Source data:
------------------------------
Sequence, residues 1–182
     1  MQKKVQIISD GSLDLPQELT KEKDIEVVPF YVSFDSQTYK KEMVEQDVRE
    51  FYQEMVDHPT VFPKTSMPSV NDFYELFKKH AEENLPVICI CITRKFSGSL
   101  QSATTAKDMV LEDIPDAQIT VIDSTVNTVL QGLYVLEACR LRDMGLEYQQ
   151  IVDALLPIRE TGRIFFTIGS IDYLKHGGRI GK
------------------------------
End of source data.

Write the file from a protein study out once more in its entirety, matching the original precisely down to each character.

Sequence, residues 1–182
     1  MQKKVQIISD GSLDLPQELT KEKDIEVVPF YVSFDSQTYK KEMVEQDVRE
    51  FYQEMVDHPT VFPKTSMPSV NDFYELFKKH AEENLPVICI CITRKFSGSL
   101  QSATTAKDMV LEDIPDAQIT VIDSTVNTVL QGLYVLEACR LRDMGLEYQQ
   151  IVDALLPIRE TGRIFFTIGS IDYLKHGGRI GK